1975 Variable Spectrum Harmonic Cluster Oscillator
· Additive synthesis engine
· 2500 harmonic partials generated
· Straightforward user interface
· Through-zero linear frequency modulation
· Detuneable clusters of up to 5 voices
Odessa implements the principle of additive synthesis controlled by a set of carefully tailored macro parameters to harness thousands of sinusoidal partials that altogether form the resulting sound.
The interface is kept simple and accessible, so you can easily build rich and full, great sounding timbres of very complex spectra, that can be either harmonic or inharmonic.
Even though inharmonic spectra yield non-periodic waveforms, all partials are frequency related to the common fundamental controlled by a V/oct input.
The series of harmonics can be squeezed or spread apart, tilt, and pruned by a comb-like frequency response, resulting in a variety of unearthy sounds. Animating the comb response yields radical effects similar to flanging and phasing. Additional, often sought after features are implemented: through-zero linear frequency modulation, and unison detune: up to 5 copies of the sound can be spread apart for a fat and dense cluster of voices.
There are nine parameters, each controlled by a dedicated knob, so the workflow is as smooth and immediate as possible. Furthermore, every parameter has a dedicated CV input, allowing live animation for organic audio effects. Odessa sports two main outputs for banks of harmonic partials that can be further scaled in frequency, as well as an additional output that can either spit out a square wave or a a single sinusoid of the fundamental frequency. Interesting spatial effects, crazy modulation feedbacks as well as synchronisation is possible that way.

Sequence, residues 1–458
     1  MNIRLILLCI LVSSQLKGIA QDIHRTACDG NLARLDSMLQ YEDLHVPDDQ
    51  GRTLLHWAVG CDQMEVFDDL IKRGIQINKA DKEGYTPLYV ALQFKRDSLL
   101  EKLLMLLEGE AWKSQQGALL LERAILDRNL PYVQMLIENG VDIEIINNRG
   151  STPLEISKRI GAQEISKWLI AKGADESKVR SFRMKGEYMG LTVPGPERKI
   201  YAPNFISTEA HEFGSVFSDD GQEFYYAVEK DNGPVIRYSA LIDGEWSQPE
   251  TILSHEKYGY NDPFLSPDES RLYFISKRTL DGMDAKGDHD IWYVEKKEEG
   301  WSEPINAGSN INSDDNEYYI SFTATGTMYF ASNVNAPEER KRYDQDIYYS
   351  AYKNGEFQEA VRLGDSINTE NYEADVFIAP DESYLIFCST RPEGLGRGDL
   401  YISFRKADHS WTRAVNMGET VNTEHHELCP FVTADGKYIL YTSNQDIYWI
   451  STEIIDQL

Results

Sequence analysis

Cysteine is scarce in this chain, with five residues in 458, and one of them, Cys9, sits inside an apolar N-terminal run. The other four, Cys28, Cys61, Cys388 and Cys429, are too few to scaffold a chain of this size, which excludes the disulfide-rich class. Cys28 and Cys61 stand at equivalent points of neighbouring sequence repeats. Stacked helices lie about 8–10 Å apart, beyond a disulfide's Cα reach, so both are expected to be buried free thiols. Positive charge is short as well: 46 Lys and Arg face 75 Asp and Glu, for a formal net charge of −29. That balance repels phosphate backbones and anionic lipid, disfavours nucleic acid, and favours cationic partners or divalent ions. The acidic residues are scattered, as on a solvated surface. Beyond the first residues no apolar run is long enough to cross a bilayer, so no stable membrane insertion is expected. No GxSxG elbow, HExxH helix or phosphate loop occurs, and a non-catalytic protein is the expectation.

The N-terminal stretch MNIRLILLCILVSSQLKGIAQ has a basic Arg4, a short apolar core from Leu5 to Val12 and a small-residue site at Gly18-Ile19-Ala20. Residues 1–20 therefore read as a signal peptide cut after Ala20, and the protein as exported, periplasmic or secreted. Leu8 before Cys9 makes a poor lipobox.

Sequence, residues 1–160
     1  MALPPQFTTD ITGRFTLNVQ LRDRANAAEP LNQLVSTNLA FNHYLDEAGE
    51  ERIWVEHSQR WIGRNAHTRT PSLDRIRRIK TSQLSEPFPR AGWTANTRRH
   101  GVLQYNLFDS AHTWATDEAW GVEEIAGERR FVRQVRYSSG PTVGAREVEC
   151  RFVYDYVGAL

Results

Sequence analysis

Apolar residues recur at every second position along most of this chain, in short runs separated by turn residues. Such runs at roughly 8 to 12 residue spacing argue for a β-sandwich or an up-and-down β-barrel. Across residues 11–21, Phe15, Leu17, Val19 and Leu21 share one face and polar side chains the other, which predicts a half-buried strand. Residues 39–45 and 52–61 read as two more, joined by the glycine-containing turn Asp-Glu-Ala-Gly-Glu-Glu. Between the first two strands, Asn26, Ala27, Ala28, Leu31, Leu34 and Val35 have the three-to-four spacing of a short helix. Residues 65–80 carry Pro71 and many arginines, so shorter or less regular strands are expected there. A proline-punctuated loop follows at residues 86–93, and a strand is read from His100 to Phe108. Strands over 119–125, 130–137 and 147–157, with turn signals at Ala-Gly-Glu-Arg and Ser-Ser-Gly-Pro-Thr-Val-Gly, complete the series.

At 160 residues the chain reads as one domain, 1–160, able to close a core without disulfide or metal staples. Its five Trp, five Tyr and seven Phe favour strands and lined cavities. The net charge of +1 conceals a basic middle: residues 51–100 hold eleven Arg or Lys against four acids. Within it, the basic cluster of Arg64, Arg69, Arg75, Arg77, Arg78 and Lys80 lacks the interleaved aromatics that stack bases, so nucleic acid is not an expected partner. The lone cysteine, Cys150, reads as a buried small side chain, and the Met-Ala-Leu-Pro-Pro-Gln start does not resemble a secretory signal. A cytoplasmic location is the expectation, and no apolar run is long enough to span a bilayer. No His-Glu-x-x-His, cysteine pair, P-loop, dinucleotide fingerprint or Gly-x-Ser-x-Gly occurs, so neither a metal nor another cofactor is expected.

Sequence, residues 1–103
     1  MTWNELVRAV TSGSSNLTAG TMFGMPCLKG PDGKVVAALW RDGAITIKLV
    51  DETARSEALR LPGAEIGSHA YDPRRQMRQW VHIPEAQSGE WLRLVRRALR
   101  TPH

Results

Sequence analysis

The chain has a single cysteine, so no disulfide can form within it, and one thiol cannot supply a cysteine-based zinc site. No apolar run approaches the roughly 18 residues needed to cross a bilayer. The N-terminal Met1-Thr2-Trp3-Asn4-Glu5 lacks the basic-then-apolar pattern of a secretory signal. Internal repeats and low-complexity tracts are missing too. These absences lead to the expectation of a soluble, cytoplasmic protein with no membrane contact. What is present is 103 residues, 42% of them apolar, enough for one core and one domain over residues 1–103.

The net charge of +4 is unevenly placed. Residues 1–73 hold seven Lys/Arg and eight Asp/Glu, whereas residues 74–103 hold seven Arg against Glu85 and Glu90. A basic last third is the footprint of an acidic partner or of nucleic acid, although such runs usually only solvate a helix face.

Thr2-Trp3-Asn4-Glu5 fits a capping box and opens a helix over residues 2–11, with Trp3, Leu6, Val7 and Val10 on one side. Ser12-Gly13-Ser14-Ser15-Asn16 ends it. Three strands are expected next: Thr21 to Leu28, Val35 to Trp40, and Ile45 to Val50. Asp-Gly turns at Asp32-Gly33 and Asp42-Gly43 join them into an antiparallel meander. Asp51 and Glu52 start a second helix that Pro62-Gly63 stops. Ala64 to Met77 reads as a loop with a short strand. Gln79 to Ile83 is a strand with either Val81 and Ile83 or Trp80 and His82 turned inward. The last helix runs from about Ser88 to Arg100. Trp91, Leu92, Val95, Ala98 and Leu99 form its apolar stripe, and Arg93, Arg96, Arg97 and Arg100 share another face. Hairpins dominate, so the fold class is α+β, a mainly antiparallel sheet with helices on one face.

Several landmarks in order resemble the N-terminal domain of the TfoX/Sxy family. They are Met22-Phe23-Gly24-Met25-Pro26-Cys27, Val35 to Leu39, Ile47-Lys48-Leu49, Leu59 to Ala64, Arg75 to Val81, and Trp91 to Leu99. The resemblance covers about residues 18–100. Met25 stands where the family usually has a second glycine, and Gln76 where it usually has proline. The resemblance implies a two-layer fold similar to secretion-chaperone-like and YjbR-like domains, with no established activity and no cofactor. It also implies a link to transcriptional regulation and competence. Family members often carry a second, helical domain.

The hardware is based on a powerful FPGA chip offering massive parallel computing. The synthesized signal is devoid of aliasing through the entire audio range thanks to intrinsically bandlimited algorithm. A simplified spectral analyzer helps you to keep a visual track of what is actually happening to the harmonics.
For even more control over Odessa, you can use our Leibniz subsystem (or just the Lipsk) that can be connected to a header at the back of the module. Also, there's an polyphonic expander called Hel.
- Full Voice